« Reply #6 on: July 08, 2020, 10:07 AM »
My process is time intensive, so it wouldn't do for most commercial work, but I like the results for one-off woodworking projects.


First, I sand to 600 grit dry.  Occasionally I sand to 1000 or 1500 dry.  Sometimes I leave it at that, sometimes I wet sand as I'm applying oil.  I'll go up to between 1000 and 2000 when wet sanding.


I'm a big fan of sanding to high grits because it brings out the fine detail in the wood.  However, for that to be meaningful, you have to be working on a scale where people will see the fine detail.  Nice custom furniture pieces meet the criteria for me, kitchen cabinets do not, unless you are doing something out of the ordinary with the wood.   I don't use stain if I can avoid it, as I normally choose wood carefully and don't want stain to get in the way.  My goal is to take advantage of the natural features of the grain, and I think stain obscures those features.



I use mixes of polyurethane, linseed oil, and orange oil (as a mineral spirits replacement - smells a lot better).  First coats are high on orange oil (40%) and linseed oil (40%).  Later coats are high on polyurethane (50%).  For things that don't have to be water resistant, I generally do 4-6 coats of oil and 2 coats of BriWax.  If I want to be super compulsive, I may do a couple of extra coats to wet sand to 2000 grit.  Overall, my goal is to get a finish that is part of the wood, rather than sitting on top.


One of the big advantages of this kind of finish is that is is easily renewable.  I have several very nice pieces of furniture that I have re-oiled and waxed (one a couple of times) due to grandchild wear and tear.  I even was able to take some water marks off.  They still look fantastic.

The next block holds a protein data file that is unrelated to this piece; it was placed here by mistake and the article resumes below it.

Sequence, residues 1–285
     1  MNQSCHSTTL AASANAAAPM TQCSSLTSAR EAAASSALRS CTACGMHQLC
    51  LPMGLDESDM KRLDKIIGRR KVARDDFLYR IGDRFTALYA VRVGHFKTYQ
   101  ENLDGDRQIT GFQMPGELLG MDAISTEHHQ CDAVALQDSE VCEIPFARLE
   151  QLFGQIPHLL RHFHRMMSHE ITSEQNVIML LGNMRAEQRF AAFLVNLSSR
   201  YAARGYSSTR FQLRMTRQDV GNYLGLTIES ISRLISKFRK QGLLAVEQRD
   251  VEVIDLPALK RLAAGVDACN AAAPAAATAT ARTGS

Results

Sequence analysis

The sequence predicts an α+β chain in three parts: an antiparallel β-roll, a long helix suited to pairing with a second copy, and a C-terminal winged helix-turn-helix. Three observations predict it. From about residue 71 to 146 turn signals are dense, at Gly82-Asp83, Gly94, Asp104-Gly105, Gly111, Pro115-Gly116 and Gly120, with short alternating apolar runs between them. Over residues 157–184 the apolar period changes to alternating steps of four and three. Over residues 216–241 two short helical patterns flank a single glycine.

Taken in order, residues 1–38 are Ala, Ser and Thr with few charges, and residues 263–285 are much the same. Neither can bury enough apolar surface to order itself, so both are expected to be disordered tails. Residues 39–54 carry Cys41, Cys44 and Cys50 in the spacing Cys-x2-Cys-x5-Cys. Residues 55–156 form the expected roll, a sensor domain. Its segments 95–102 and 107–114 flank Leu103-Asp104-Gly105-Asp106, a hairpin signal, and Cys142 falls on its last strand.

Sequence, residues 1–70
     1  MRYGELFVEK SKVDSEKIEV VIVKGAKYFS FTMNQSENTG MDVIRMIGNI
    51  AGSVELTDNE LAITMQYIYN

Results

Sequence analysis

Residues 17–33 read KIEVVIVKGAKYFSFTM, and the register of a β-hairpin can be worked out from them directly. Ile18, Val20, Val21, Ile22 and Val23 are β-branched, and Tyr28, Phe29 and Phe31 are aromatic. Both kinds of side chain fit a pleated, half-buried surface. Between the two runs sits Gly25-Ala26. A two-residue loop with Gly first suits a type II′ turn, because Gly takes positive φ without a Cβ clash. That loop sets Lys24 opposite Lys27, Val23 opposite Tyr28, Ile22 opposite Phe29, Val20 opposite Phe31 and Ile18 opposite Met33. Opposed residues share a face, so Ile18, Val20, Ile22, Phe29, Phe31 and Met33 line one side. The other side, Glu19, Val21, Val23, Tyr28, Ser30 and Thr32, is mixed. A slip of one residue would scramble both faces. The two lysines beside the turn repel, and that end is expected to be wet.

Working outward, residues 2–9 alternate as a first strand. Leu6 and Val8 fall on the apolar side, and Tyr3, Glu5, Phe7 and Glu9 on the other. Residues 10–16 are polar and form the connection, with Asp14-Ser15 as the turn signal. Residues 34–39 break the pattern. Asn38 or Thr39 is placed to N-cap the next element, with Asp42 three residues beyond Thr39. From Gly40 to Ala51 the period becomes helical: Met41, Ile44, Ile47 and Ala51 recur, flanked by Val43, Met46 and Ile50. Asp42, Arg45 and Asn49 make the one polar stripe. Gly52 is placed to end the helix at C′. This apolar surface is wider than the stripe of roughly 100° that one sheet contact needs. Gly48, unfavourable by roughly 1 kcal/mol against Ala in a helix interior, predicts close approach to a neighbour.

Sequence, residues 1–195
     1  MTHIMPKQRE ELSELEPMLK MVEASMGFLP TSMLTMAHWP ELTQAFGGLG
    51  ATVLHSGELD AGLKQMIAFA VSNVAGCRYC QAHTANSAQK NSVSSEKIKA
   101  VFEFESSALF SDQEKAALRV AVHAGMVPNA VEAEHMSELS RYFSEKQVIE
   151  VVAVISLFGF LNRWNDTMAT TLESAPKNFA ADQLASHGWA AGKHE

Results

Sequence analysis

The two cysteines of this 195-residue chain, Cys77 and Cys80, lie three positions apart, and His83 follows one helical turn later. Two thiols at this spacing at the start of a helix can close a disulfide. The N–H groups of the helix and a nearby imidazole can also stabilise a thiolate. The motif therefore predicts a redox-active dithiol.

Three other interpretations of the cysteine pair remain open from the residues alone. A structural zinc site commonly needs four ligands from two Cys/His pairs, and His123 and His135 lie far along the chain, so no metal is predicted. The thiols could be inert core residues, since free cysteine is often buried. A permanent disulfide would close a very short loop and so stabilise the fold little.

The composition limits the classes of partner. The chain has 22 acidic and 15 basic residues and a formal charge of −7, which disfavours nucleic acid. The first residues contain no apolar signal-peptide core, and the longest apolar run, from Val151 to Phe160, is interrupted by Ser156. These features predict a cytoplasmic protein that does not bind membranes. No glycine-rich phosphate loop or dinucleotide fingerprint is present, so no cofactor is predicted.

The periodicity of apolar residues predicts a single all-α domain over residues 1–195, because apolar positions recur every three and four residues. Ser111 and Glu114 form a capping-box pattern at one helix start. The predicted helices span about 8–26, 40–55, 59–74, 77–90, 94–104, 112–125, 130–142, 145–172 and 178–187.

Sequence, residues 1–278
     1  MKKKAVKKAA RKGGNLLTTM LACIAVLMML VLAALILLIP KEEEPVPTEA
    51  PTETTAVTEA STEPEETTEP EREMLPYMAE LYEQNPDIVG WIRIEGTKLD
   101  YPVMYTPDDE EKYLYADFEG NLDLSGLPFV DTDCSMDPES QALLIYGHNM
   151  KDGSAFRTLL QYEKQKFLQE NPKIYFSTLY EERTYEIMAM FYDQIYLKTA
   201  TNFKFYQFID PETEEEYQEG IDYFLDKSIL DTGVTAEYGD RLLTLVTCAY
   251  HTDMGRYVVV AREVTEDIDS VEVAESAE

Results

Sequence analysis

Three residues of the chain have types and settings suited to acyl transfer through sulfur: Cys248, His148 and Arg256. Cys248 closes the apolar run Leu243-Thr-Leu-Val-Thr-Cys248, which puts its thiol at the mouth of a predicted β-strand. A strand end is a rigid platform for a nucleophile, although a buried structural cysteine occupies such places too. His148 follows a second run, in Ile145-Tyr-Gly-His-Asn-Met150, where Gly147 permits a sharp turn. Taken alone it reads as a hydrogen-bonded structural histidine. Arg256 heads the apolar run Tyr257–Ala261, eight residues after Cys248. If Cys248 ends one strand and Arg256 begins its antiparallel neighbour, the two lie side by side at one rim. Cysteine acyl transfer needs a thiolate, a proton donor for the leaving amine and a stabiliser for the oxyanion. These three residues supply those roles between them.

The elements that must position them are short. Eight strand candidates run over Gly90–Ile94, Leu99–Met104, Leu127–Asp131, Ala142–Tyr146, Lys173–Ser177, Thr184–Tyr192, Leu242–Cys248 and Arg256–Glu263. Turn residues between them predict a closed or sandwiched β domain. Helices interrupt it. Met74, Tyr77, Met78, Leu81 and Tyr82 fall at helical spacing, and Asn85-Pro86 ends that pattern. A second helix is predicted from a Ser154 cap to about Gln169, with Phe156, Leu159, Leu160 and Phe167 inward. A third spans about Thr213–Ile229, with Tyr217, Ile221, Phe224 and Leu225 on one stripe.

Note that I wouldn't recommend this for architectural woodwork or kitchen cabinets.  Besides the fact that it's too time intensive, I don't think that the oil finish would hold up to a kitchen environment.  I did some custom book matched #3 cherry panels for a set of kitchen cabinet doors that I did sand to 800 grit, but I ended up putting a hard finish on them. 


I've never tried Osmo, but I'd like to at some point.  I'm also intrigued by catalyzed oil finishes like Rubio, but I'd want to experiment with that and it's pretty expensive stuff to experiment with.


And... if Festo ever expands their robotic lines to include a sanding/finishing robot, and I win the lottery, I'll be all in :).


Offline TwelvebyTwenty

  • Posts: 86
Re: Educate me on finishing furniture
« Reply #7 on: July 08, 2020, 10:32 AM »
Given the high grits you sand to, have you ever tried applying a coat of your chosen finish before starting the sanding process (or at least before reaching the especially high grits), in order to get a deeper absorption?
« Last Edit: July 08, 2020, 10:34 AM by TwelvebyTwenty »

Offline HarveyWildes

  • Posts: 930
Re: Educate me on finishing furniture
« Reply #8 on: July 08, 2020, 03:04 PM »
Given the high grits you sand to, have you ever tried applying a coat of your chosen finish before starting the sanding process (or at least before reaching the especially high grits), in order to get a deeper absorption?


I have.  It looks like it does at the time, but some of that is absorption into fibers that end up being sanded off at higher wet-sand  grits.  That said, I haven't actually done a side by side comparison on the same board.  Maybe I should try that sometime.


The reason that I don't stop at 220 (which seems to be a popular stopping point) is that I can tell the difference in detail when I sand with higher grits.  To see an example, take a piece of quartersawn cherry with visible quartersawn flecks and sand one section to 220 and another to 600 or higher.  You can see the flecks at 220, but they are a little fuzzy.  At 600 not only are the flecks more defined, but you can see some detail in individual flecks.  That makes a subtle but (to me) noticeable difference in the way the overall board looks.  The difference is only significant if a viewer's eye will be drawn to it.


Offline Michael Kellough

  • Posts: 4820
Re: Educate me on finishing furniture
« Reply #9 on: July 08, 2020, 03:50 PM »
As Harvey says the finer the grain the higher the grit, if you want to see the subtle stuff.

Pine (other than the species with graphic figure like yellow pine) looks very nice sanded to 320 or above and then simply waxed. Not much protection from anything but it looks good.